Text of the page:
If you are very overweight you can get away with burning more calories each day safely than a learner person. So, in essence, the leaner you are starting off, the fewer calories you can afford to safely burn each day.

For weight loss, you should aim to be in a deficit of between 400-500 calories each day. This amount will help you to safely achieve roughly 1lb per week.

Remember that not all these calories need to come from exercise, your diet plays a big part too.

How many spinning classes to lose weight?

OK, so you’ve seen some of the numbers now, but what does it all mean? If your main goal for taking up spinning classes is to lose weight (which is a very common reason people take it up), you’ll probably be wanting to know how many times you’ll need to go each week, right?

Example

Let’s take a 30-year-old, 5ft 9 inch, 180-lb female that’s looking to lose ten pounds to get her to her ideal weight of 170lbs. Other than the spin classes she’s planning on taking, there’s no other deliberate exercise, so, just walking to the office, up some stairs into her apartment each day, etc.

She plans to cut down her food a little, but she still enjoys going out to dinner a few nights a week, and work lunches are a part of her career she cannot avoid. So, taking her metabolism into account, she will be burning 1921 calories per day, whilst eating 2100 calories per day, which gives us a current daily caloric surplus of 179 calories.

A single pound of fat is said to contain 3500 calories, so in order to lose a pound per week, (if diet were not to be taken into account at all), she would need to be completing 8, 45-minute sessions of spinning, using maximum intensity for the entire class.

If she lowered her daily calories by 550 per day, she would have a deficit of 3850 calories per week (a good start), but if she included one moderate spin class and four high-intensity spin classes each week, she would have an additional deficit of 3015 calories, making for a total weekly deficit of 6865 calories.

When you add in the “accidental exercise, such as taking the stairs and walking to and from the office, 2lbs per week is very achievable. It must be said, however, that this is still a pretty lofty goal, and 1-1.5lbs per week is probably more realistic.

Do spin classes burn more calories than outdoor cycling?

spin bike calories burned

According to caloriesburnedhq.com an average male of 198lbs cycling at 16 kph over a distance of 7 miles (30 mins worth) burns around 472 calories, which puts it at almost exactly the same as in a spin class.

So how can this be? Surely you must burn more if you’re sweating like crazy and using hill sprints?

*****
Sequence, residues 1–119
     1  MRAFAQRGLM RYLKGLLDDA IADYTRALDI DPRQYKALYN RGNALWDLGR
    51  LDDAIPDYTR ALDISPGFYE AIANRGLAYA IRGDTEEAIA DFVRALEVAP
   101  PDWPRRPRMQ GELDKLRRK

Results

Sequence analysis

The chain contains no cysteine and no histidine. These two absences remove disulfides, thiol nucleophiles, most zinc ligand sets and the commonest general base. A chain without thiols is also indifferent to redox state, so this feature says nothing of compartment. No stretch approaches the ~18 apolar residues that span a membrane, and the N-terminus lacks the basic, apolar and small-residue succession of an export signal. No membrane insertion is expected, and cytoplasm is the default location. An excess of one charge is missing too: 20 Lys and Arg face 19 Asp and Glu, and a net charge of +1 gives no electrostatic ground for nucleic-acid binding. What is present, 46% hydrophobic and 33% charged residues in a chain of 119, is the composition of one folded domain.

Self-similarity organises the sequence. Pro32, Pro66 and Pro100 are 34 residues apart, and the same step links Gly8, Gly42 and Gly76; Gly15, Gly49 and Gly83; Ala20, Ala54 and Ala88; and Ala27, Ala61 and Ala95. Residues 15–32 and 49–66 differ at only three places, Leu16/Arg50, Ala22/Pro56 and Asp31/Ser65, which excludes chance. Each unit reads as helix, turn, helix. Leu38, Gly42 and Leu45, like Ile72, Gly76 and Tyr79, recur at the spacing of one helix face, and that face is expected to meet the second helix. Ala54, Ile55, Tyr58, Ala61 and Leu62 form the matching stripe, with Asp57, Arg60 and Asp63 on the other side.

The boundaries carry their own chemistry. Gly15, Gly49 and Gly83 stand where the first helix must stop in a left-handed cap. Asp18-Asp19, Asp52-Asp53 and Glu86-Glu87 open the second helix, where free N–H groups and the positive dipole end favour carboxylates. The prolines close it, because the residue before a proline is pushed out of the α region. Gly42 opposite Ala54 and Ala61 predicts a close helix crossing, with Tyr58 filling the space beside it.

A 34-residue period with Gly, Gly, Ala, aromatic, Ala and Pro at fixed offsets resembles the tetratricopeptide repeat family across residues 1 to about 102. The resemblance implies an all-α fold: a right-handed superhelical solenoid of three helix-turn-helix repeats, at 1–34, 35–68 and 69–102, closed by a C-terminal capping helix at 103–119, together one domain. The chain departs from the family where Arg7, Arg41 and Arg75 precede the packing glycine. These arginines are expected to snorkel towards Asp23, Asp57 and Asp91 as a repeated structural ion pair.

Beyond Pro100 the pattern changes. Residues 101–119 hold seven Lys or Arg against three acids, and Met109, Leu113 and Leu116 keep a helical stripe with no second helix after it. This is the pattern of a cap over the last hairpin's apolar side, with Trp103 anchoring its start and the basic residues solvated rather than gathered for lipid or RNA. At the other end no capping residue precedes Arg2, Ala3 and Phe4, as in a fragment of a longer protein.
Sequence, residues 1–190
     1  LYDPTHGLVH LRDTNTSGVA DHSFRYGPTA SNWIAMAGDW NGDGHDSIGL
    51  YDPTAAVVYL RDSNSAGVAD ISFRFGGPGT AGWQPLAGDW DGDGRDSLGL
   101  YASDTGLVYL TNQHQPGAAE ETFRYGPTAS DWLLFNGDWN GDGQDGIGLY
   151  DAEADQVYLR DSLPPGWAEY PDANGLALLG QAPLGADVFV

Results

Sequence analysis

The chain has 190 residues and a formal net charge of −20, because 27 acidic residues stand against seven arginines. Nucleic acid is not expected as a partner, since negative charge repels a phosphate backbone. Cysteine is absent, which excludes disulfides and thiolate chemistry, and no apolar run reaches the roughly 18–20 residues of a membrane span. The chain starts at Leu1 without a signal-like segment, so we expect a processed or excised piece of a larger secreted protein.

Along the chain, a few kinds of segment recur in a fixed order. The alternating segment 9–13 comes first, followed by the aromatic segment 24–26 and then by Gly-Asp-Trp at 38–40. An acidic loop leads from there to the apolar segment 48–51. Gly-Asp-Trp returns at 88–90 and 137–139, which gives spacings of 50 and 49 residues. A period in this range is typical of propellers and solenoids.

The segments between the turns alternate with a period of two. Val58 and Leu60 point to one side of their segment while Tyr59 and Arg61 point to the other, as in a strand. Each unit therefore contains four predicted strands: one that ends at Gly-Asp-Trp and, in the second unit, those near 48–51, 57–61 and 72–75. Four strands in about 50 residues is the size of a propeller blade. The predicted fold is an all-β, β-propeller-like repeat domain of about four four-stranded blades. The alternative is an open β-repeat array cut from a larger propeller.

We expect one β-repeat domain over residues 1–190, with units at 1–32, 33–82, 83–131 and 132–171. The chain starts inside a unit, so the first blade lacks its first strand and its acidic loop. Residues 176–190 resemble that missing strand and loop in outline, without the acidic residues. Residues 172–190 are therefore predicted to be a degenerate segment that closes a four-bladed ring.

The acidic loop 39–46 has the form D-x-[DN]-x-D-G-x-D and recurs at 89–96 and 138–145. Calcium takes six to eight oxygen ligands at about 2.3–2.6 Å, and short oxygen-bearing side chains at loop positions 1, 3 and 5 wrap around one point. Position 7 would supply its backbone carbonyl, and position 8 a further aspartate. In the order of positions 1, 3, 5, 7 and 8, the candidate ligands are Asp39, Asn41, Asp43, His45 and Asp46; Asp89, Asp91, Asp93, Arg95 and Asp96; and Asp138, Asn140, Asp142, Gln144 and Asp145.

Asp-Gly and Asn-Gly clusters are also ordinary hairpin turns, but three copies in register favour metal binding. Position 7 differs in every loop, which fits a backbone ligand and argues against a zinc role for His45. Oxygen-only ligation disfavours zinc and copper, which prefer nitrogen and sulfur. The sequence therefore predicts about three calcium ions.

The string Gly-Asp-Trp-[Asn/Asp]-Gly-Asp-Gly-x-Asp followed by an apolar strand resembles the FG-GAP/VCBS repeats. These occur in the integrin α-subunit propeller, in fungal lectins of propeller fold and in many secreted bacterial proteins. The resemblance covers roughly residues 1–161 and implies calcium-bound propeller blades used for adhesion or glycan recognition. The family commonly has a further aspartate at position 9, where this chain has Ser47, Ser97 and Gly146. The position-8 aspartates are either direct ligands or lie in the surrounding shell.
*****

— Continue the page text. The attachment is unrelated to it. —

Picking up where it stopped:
In road cycling, you are moving at a near-constant pace, whilst still needing to tackle naturally occurring obstacles like hills. The combination of a constant speed with hill climbs makes for a pretty intense workout, even if you aren’t dripping wet in your first ten minutes.

Bear in mind that in a spin class you will have periods of rest where you are working at a very low resistance, whereas this is missing from outdoor and road cycling.

So in the end, the calories burned indoor cycling and road cycling end up being pretty much the same, one is certainly safer than the other, but it’s really down to personal preference.

Is spinning better than running?

how many calories does spinning burn

Ok, so what about running? surely a crazy intense spin session has got to burn more calories than running, right?

Once again, according to caloriesburnedhq.com a half-hour run of an average male traveling a distance of 3 miles at a pace of ten minutes per mile burns around 462 calories.

Shocked by this?

Well, it’s just like our road cycling scenario above, with running you are usually working at a consistent pace for the entire time you’re exercising.

Spinning may feel harder as you are training by using intervals of intense exercise mixed with lower intensity recovery periods, but it’s the consistency that keeps the calories burning whilst you’re running.

Here’s the good news!

Don’t be too quick to cancel your membership at the spin studio because of the results above, the numbers aren’t quite what they seem.

What we haven’t taken into account is any of the after-effects of training in a HIIT or (high-intensity interval training) style, such as the potential to build muscle mass (due to increased human growth hormone output) and increased metabolism for hours after the exercise has ended.

Running and cycling are great cardio workouts, but they aren’t hugely taxing on the body. If they were, not nearly as many people would travel to work using them. They are low-intensity exercises, whereas training in a HIIT style of constant high and low intensities (what your basic spin class is made up of), is far more taxing on the body, this is why you shouldn’t only consider the calories burned spinning, but should also consider the after-effects of the workout.

This means it takes a lot of effort for your body to reach its resting state after a HIIT workout, so you will be burning calories for hours after the actual workout has finished. This is how spinning classes beat other exercise types in terms of calorie expenditure, it plays the long game!

Conclusion

I hope today’s article has given you a more clear idea of the calories burned spinning, but more importantly, it will have shown you how effective it can be as a longer-term method of weight loss.

Just remember not to overdo it on the bikes, I’ve burnt out before from overtraining, and I can assure you it’s no fun at all.

Have a great day!

Go get ’em!

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Chris Walker

Chris Walker worked in the City of London as a fully qualified REP's level three personal trainer for just under ten years. He built and maintained a client base of 40 individuals and worked with several high profile clients, including actors, actresses, comedians and politicians.